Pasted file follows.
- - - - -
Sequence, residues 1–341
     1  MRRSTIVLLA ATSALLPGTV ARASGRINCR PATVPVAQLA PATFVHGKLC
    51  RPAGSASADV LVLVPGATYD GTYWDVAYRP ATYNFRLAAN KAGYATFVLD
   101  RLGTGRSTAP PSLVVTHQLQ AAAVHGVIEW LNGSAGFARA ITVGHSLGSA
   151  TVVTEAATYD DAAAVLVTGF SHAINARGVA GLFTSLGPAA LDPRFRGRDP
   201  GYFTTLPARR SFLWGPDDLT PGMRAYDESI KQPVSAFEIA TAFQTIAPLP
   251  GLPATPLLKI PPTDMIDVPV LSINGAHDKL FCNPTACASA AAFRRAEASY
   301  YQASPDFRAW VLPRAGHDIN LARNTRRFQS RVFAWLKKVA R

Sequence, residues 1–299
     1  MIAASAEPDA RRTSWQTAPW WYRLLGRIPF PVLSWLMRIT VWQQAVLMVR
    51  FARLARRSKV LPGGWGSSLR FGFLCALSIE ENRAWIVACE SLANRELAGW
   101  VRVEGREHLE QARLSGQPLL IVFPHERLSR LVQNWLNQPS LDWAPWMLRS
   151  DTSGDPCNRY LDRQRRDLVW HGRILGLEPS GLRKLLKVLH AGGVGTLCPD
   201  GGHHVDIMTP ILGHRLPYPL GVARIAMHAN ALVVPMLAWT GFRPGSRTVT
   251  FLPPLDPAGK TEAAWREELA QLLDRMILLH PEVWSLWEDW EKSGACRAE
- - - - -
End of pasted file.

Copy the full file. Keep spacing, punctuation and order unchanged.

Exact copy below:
Sequence, residues 1–341
     1  MRRSTIVLLA ATSALLPGTV ARASGRINCR PATVPVAQLA PATFVHGKLC
    51  RPAGSASADV LVLVPGATYD GTYWDVAYRP ATYNFRLAAN KAGYATFVLD
   101  RLGTGRSTAP PSLVVTHQLQ AAAVHGVIEW LNGSAGFARA ITVGHSLGSA
   151  TVVTEAATYD DAAAVLVTGF SHAINARGVA GLFTSLGPAA LDPRFRGRDP
   201  GYFTTLPARR SFLWGPDDLT PGMRAYDESI KQPVSAFEIA TAFQTIAPLP
   251  GLPATPLLKI PPTDMIDVPV LSINGAHDKL FCNPTACASA AAFRRAEASY
   301  YQASPDFRAW VLPRAGHDIN LARNTRRFQS RVFAWLKKVA R

Sequence, residues 1–299
     1  MIAASAEPDA RRTSWQTAPW WYRLLGRIPF PVLSWLMRIT VWQQAVLMVR
    51  FARLARRSKV LPGGWGSSLR FGFLCALSIE ENRAWIVACE SLANRELAGW
   101  VRVEGREHLE QARLSGQPLL IVFPHERLSR LVQNWLNQPS LDWAPWMLRS
   151  DTSGDPCNRY LDRQRRDLVW HGRILGLEPS GLRKLLKVLH AGGVGTLCPD
   201  GGHHVDIMTP ILGHRLPYPL GVARIAMHAN ALVVPMLAWT GFRPGSRTVT
   251  FLPPLDPAGK TEAAWREELA QLLDRMILLH PEVWSLWEDW EKSGACRAE